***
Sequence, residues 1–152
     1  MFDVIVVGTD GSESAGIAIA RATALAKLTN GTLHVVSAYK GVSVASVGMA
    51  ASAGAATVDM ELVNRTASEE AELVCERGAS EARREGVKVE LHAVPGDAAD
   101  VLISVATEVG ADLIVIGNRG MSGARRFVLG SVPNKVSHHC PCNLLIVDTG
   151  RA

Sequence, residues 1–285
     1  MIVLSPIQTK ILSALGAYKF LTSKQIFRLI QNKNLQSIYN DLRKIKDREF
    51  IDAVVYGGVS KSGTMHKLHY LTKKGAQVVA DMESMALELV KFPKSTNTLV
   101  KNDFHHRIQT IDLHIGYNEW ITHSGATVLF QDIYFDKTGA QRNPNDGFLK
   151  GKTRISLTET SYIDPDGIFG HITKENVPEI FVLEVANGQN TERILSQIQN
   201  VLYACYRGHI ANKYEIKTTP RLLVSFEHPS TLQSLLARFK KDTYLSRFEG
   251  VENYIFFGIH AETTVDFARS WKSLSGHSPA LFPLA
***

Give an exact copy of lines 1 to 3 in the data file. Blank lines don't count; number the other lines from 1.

Sequence, residues 1–152
     1  MFDVIVVGTD GSESAGIAIA RATALAKLTN GTLHVVSAYK GVSVASVGMA
    51  ASAGAATVDM ELVNRTASEE AELVCERGAS EARREGVKVE LHAVPGDAAD